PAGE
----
90 Seconds of simple clarity

From 17:00 to 18:30

 

 

Transcript:

For Turkey, Indonesia, India, Brazil – this is not over yet – “they have serious problems and are not being resolved.”

 

The major problem is the Federal Reserve: with interest rates at such low levels, people can borrow lots of money – and America is printing a lot of money so there’s plenty to go around

 

A lot of countries have borrowed money at cheap rates which covers up their problems… they haven’t addressed their real problems; and so now, we have a huge problem facing us and it’s going to get worse.

 

This is not over yet – you should be worried, be careful, and be prepared

Obligatory Erin Ade collage:


    



via Zero Hedge http://ift.tt/1bLMtCY Tyler Durden

Jim Rogers: "Be Worried & Be Careful…The Emerging Market Crisis Is Not Over Yet"

UBS’ George Magnus believes the next global economic “crisis”‘ lightning rod will be the emerging markets and as Jim Rogers tells BoomBust’s Erin Ade in this brief interview, “the emerging market crisis has only just begun.” While Rogers is careful to add that there are lots of emerging markets – “some better than others;” he warns that “there are some serious problems out there and they are going to get worse.” Who is to blame? The Fed, of course – “by driving rates so low and providing as much liquidity as anyone in the world could want, the EMs have borrowed to cover up their real problems… be worried.

90 Seconds of simple clarity

From 17:00 to 18:30

 

 

Transcript:

For Turkey, Indonesia, India, Brazil – this is not over yet – “they have serious problems and are not being resolved.”

 

The major problem is the Federal Reserve: with interest rates at such low levels, people can borrow lots of money – and America is printing a lot of money so there’s plenty to go around

 

A lot of countries have borrowed money at cheap rates which covers up their problems… they haven’t addressed their real problems; and so now, we have a huge problem facing us and it’s going to get worse.

 

This is not over yet – you should be worried, be careful, and be prepared

Obligatory Erin Ade collage:


    



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“If She Bleeds, She Can’t Lead” Pro-Nuclear Abe-Loyalist Elected Tokyo Governor

For a few brief weeks, there was hope among the millions of Japanese that do not love Shinzo Abe as two former premiers entered the race for governor of Tokyo on a zero nuclear-power platform. Today, as The Economist notes, those hopes melted away as quickly as the snow which had blanketed Tokyo on the eve of the vote. The race was won handily by Yoichi Masuzoe – the "women are abnormal during their periods" pro-nuclear, Abe-apologist that personifies Japan’s gender gap. Perhaps Subculturist sums it up best: once again, Japan has shown us that with enough voter apathy (3rd lowest turnout on record), a compliant media, and the connections and funding of the nuclear industry, that any middle-aged asshole guy can be the leader of one of Japan’s largest city-states.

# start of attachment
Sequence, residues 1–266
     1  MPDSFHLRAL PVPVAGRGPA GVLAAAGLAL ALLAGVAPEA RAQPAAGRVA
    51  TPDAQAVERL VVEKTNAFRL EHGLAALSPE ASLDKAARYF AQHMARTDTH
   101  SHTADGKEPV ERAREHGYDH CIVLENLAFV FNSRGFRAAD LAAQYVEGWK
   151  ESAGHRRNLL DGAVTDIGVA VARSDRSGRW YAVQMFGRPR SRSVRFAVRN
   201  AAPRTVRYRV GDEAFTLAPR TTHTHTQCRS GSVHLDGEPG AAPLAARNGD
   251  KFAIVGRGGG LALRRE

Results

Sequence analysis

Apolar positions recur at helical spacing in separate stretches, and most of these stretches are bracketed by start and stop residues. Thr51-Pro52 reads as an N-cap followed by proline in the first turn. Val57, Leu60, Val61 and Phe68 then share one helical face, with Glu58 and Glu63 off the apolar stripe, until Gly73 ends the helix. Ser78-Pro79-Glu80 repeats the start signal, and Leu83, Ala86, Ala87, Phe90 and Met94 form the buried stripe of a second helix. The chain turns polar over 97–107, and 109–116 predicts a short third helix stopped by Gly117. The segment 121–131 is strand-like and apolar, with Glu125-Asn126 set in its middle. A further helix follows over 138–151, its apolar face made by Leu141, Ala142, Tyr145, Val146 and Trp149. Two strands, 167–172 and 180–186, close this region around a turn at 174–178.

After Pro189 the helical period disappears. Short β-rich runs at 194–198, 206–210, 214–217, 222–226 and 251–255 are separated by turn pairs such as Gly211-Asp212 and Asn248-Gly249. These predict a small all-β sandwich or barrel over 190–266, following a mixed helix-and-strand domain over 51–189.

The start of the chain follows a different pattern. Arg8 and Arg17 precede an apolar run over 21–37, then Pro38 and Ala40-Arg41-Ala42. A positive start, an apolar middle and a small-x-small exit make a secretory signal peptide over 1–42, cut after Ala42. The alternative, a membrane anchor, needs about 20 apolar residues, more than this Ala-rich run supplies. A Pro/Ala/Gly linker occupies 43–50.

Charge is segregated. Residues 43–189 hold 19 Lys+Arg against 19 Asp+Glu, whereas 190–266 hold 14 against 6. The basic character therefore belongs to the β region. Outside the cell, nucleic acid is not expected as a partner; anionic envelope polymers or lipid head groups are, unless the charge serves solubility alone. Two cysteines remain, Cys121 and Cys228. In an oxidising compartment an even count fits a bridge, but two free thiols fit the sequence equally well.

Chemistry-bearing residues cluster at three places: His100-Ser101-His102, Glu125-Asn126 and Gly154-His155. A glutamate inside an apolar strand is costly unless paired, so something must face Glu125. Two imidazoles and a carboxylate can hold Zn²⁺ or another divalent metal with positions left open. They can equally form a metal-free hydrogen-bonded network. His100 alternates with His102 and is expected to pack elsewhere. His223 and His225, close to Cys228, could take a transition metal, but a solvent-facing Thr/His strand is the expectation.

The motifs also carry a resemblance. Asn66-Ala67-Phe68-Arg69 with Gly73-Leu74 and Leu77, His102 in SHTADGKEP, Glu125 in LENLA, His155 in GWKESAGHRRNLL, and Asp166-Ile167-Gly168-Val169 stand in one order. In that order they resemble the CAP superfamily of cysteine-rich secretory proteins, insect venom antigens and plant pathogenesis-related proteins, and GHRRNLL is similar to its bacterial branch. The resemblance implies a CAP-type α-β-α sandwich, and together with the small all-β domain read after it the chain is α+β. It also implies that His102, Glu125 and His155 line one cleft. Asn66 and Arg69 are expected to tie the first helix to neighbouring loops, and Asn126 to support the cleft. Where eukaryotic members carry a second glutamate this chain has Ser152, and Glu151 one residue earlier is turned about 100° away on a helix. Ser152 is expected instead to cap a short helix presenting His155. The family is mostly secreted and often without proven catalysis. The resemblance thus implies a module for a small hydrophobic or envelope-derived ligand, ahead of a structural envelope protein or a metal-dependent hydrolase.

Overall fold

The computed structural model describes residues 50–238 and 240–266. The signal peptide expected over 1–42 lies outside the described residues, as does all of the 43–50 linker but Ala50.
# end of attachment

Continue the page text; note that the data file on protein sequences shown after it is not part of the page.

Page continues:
The Results and the consequences… (via The Economist),

The result’s chief significance is that it clears the way for Mr Abe to press ahead with switching on some of Japan’s idled nuclear reactors, possibly as early as this summer. The crusade by the ever-popular Mr Koizumi, just under three years on from the 2011 catastrophe at the Fukushima Dai-ichi nuclear plant, had unnerved his former party. In the election for the upper house of parliament in July 2013, Tokyo elected two vehemently anti-nuclear MPs, showing the strength of opposition. Yet the anti-nuclear camp remained divided for the governor’s race. A socialist lawyer, Kenji Utsunomiya, who also opposed a return to nuclear, drew away votes from Mr Hosokawa. Turnout was low, owing to the snow.

And an alternative take (via Japan Subculture Research Center),

The man who personifies Japan’s gender gap, former health minister Yoichi Masuzoe, 65, with the support of the Liberal Democrat Party, the nuclear energy industry, and the Sokka Gakkai fan club (Komeito),  today reportedly won a four-year term as governor of Tokyo. He beat out his two nearest rivals who had said Japan should phase out nuclear energy. His victory was assured with a voter turn-out rate of roughly 34% , a lapdog media that is in love with advertising money from Tokyo Electric Power Company, and preceded by Tokyo’s worst snowfall in over a decade.  (As if it were a sign of things to come…)

 

Shortly after polling closed at 8pm, the Japanese media, including Prime Minister Shinzo Abe controlled NHK (aka A.B.E News) reported that he had won by a sizeable margin, based on exit polls, wishful thinking, and haste to go home early.

 

“Women are not normal when they are on their period. They are abnormal.
You can’t possibly let them make critical decisions about the country [during their periods], such as
whether or not to go to war.” – Masuzoe in the October 1989 issue of the magazine BIGMAN

 

 

With this victory,  Mr Masuzoe will be Tokyo’s “face” for the next four years–even if that face resembles that of a horse with mange. 

 

Because of his rabid support of nuclear power as an energy source, Mr Masuzoe’s election is expected to spur  the Liberal Democrat Party’s efforts to restart the country’s idled nuclear reactors. It will also be a boon for politically connected construction firms wishing to get a big share of the unneeded 2020 Olympics construction and plans to demolish interesting parts of the city in order to create a money draining infrastructure that will temporarily benefit cronies of Abe and the Liberal Democrat Party.